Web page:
500 signatures reached
To: South African Breweries, Vinpro and others
Stop your alcohol ban court challenges and unite behind government's COVID-19 effort
We - concerned individuals, civil society organisations, and public health workers and researchers - call on SA Breweries, Vinpro and others to drop their court challenges to government's lawful, constitutional mandate to restrict the transportation and sale of alcohol during a State of Disaster or State of Emergency. It is a distraction and a waste of resources, particularly those of government, that could be put to better use fighting the pandemic!
Why is this important?
Put people before profit
South Africans have emerged from the second wave of COVID-19 infections and deaths which started in November 2020 and drew to a close towards the end of January. One of the steps taken to reduce the spread of the virus and to limit unnecessary demand on hospital facilities was to suspend the transportation and sale of alcohol. This, together with other measures, helped to stem the virus, so much so that the infection and death rates are down and the suspension of access to alcohol has been limited.
Health workers are exhausted. They are working hard and long hours to treat COVID-19 patients. They themselves are being infected by the virus, with some even losing their lives. They need our support. The temporary ban on the sale of alcohol offered them vital protection.
South African Breweries (SAB), Vinpro (representing winemakers) and others have responded by going to court to challenge government’s right to suspend the transportation and sale of alcohol, even though the evidence shows that such suspensions, together with other measures like night-time curfews, have helped to stop the spread of the virus, to keep people in South Africa safe from alcohol-related harm, and to allow hospital workers to focus on COVID-19 cases.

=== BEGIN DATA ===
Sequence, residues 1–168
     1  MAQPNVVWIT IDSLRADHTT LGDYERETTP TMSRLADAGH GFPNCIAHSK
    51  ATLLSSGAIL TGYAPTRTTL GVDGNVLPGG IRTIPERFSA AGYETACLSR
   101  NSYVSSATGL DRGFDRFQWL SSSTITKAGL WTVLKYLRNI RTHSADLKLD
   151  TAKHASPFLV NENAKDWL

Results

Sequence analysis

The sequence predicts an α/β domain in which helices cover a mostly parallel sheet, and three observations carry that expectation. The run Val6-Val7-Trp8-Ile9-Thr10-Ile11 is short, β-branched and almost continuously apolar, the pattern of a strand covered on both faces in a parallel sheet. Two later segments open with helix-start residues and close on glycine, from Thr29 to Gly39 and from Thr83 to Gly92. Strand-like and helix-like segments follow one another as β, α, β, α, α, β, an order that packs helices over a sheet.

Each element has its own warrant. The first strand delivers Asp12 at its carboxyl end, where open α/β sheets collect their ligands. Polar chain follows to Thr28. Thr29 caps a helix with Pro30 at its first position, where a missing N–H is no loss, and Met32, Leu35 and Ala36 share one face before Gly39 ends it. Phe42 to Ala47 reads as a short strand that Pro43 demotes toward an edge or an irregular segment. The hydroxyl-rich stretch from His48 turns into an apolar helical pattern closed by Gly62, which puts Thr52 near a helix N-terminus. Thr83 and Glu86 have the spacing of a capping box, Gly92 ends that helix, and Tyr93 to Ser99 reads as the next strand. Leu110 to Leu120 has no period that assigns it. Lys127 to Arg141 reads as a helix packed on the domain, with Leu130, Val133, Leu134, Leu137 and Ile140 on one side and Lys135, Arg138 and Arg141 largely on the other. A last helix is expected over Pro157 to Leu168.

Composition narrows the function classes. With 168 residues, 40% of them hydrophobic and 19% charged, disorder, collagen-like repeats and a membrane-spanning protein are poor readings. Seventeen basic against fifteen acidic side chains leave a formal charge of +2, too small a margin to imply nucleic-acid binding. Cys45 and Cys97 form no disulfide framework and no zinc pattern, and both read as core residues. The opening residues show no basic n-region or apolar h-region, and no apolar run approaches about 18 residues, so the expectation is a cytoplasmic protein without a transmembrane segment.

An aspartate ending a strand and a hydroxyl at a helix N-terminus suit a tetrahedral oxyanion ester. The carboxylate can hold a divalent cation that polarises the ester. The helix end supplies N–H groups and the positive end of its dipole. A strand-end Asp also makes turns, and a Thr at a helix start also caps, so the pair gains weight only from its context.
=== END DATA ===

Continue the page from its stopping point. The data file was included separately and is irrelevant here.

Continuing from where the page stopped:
Although we support the right to protest and to use the courts to ensure rights are protected, we do not think these court cases are the solution to addressing our collective challenge in dealing with the pandemic.
Since 2016, the South African government has had an updated National Liquor Policy and a draft Liquor Amendment Bill which contain new provisions for regulating the distribution and sale of alcohol. The Policy and the Bill are based on the World Health Organisation (WHO) Global strategy to reduce the harmful use of alcohol . The COVID-19 pandemic has shown that the harmful use of alcohol contributes disproportionately to the number of trauma admissions in hospitals across South Africa, especially over weekends. We are therefore in urgent need of permanent new measures to regulate alcohol in order to save lives, money and jobs.
Only 31% of people in South Africa aged 15 and above actually drink alcohol. But, when they do, the majority of them drink heavily and in a way that is harmful to themselves and others. The alcohol industry depends on this binge-drinking to make their substantial profits, hence their resistance to the current ban and to alcohol regulation in general.
OUR CALL TO INDIVIDUALS AND ORGANISATIONS IN CIVIL SOCIETY, AS WELL AS PUBLIC HEALTH WORKERS AND RESEARCHERS
** Help us send a message to SA Breweries, Vinpro and others, calling on them to drop their court actions because “our lives are more important than their profits”.
** Join us in assuring government that we all support their efforts to manage alcohol in the interests of protecting us from harm during the pandemic.
** Add your voice to the call for the urgent passing of the Liquor Amendment Bill as a major step forward in the ongoing struggle for a healthy and safe South Africa. The immediate adoption of the Bill will help to bring alcohol-related harm levels down by promoting safer drinking practices; it will also reduce the need for emergency alcohol sale suspensions now and in the future.
THIS PETITION IS SUPPORTED BY SAAPA SA ALLIANCE PARTNERS, INCLUDING:
Cancer Association of South Africa; Children's Institute; Gateway Health Institute; Gun Free South Africa; Hlanganisa Institute for Development in Southern Africa; Observatory Ratepayers Association; People's Health Movement; Smoking and Alcohol Harms Alleviation and Rehabilitation Association; South Africans Against Drinking and Driving; Teddy Bear Foundation for Abused Children; Yeoville Bellevue Ratepayers Association